These days, there are many meeting room and personal productivity tools available.
Used correctly, these tools can increase your productivity in the meeting room.
But when not used wisely, they can turn against you. Review this list to see
whether or not you've been using your tools to enhance or inhibit your productivity.
|Scheduling a meeting using Outlook or a similar scheduling
||Neglecting to use the feature in the scheduling tool that
lets you check availability of participants prior to sending the meeting
|Preparing your presentation in PowerPoint to make edits quickly
and be able to reuse it whenever necessary
||Trying to impress people with your knowledge of PowerPoint
and ending up distracting them from your message through the use of too
|When it's your turn to take meeting notes, capturing the gist
of the meeting on an interactive whiteboard
||When it's your turn to take meeting notes, capturing what
you think should have been said rather than what was actually agreed upon
|Using your PDA to quickly check your availability for the
||Using your PDA to take notes and making everyone wait while
you play the "I've almost got it..." game
|Using your notebook to jot down personal notes in the meeting
||Using your notebook to jot down your grocery list and favorite
doodles in the meeting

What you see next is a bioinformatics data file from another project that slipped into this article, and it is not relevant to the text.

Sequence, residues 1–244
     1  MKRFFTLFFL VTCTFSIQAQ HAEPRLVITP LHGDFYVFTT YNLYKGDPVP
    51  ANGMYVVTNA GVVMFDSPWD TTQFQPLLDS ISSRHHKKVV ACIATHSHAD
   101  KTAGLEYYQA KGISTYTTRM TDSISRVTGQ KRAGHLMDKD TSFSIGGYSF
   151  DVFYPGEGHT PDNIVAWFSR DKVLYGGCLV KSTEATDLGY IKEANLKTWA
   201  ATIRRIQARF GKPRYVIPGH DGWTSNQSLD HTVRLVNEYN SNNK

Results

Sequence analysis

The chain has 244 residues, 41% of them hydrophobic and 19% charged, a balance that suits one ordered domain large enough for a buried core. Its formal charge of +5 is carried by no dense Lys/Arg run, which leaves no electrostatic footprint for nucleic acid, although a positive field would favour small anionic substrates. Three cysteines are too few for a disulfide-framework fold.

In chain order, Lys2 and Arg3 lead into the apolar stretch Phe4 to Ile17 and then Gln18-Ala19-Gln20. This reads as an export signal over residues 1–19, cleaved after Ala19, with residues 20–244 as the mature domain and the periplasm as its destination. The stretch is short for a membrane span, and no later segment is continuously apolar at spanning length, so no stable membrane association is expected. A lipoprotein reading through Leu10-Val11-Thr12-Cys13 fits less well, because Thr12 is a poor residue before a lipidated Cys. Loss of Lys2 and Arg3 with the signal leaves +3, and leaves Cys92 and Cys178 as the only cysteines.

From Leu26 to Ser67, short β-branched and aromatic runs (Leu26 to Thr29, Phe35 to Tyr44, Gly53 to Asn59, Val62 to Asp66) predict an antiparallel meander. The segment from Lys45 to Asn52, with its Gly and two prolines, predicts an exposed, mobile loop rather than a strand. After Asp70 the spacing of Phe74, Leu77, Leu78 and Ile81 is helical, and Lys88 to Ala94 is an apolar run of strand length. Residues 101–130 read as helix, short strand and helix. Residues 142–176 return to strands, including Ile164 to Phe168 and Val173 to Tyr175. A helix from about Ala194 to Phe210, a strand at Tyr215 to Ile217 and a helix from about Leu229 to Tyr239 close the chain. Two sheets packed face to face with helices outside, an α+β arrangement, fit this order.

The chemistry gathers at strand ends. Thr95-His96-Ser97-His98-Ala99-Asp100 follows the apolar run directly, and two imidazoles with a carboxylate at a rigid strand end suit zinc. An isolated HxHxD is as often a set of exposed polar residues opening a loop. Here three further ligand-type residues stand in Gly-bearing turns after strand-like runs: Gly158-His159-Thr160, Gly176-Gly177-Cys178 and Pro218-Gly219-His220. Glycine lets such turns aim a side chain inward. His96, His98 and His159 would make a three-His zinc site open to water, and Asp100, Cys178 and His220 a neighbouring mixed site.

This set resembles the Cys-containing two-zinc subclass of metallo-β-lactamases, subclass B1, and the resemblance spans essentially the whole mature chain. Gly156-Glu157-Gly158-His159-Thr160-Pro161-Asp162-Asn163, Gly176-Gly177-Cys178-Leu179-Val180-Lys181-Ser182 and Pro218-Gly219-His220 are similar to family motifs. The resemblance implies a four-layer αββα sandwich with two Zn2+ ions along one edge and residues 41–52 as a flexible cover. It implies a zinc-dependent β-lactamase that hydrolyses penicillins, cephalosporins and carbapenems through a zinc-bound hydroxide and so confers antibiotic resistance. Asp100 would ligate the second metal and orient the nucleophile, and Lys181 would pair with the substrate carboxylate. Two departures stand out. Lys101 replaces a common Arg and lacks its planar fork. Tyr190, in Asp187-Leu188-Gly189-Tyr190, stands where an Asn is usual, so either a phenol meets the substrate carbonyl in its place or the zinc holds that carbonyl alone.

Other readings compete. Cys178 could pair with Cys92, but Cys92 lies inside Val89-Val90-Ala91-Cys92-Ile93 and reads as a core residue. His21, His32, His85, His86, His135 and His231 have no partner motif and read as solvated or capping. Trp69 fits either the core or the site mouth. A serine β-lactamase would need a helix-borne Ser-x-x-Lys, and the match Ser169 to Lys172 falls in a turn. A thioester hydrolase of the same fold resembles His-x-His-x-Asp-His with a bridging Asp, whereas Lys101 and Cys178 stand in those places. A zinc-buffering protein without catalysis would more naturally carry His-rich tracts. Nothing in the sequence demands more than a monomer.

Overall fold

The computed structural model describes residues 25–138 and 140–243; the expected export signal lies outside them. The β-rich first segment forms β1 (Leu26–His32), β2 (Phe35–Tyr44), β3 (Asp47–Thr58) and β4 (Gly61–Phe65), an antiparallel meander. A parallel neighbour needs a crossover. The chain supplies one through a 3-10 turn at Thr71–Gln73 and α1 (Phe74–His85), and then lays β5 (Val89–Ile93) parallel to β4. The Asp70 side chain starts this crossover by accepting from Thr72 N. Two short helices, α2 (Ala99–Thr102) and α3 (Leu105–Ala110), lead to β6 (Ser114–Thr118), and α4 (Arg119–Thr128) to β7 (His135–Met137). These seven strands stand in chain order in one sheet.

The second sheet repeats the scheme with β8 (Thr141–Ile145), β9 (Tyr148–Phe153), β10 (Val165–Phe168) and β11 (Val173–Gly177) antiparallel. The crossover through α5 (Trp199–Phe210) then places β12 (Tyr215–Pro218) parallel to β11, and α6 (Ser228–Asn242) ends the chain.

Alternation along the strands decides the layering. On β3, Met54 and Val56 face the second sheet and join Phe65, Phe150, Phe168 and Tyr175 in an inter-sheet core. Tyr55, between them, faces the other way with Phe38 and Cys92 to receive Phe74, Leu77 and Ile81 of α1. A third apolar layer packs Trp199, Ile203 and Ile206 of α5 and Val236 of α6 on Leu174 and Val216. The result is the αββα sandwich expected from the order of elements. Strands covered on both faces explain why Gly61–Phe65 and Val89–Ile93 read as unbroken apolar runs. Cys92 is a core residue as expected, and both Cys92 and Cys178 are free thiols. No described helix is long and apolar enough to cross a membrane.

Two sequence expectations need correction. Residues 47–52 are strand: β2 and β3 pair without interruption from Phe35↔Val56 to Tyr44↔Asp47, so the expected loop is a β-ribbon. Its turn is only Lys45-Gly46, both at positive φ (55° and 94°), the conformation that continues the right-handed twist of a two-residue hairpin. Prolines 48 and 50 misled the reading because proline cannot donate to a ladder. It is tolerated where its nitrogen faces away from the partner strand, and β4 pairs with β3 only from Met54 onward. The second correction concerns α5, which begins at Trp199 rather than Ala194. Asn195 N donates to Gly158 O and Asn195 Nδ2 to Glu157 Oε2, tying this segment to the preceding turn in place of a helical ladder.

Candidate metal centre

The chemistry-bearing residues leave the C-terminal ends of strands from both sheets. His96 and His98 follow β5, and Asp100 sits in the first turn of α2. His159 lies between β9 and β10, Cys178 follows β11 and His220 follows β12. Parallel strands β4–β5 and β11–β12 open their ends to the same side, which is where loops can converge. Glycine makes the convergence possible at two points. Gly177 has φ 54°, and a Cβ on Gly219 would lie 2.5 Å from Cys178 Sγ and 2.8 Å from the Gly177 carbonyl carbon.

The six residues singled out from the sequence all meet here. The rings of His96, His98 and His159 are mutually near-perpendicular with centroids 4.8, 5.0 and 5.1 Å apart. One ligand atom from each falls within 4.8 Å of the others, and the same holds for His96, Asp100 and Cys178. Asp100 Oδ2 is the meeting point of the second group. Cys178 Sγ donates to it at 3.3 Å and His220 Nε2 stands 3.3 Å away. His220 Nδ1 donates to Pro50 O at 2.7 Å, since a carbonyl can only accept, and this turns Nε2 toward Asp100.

|Connecting your laptop to the network to capture notes directly
or review relevant meeting material
||Connecting your laptop to the network to read your e-mail
during the meeting
|Using a projector to display information so that everyone
in the room can follow
||Using a projector and standing in front of the beam so that
you look like you have a tattoo
|The fact of the matter is that any tool can help or hinder,
depending on where and how you use it. The trick is to learn how the tool
adds to your personal productivity, then apply it in that way. Here are
a few tips for using some common tools more productively.
|| Spend a few minutes looking at the tutorials in the software
you use most often. Chances are you're using only 10% of its features. The
80/20 rule definitely applies here is there one more feature that,
if you learn to use correctly, would pay off in productivity gains? One
great example is the organize feature in MS Outlook '98. You can color code
e-mail messages according to rules you set red for messages from
the boss, for example.
||If you truly want to be more productive during your work hours,
time yourself performing each activity. You can either keep an alarm clock
on your desk or use your computer clock. Assign a certain amount of time
to accomplish a task, then set the alarm to beep when you should be finished.
This will allow you to do three things: learn how long tasks actually take
(so you can better determine whether they are a valuable use of your time),
become better at estimating your actual deliverables, and take a stretch
or water break at regular intervals.
||A great book about working smarter so that you don't have
to work harder (among other things) is Simplify Your Work Life: 100 Ways
to Change the Way You Work so You Have More Time to Live by Elaine St.
1. Source: www.123sortit.com/BO/OD.html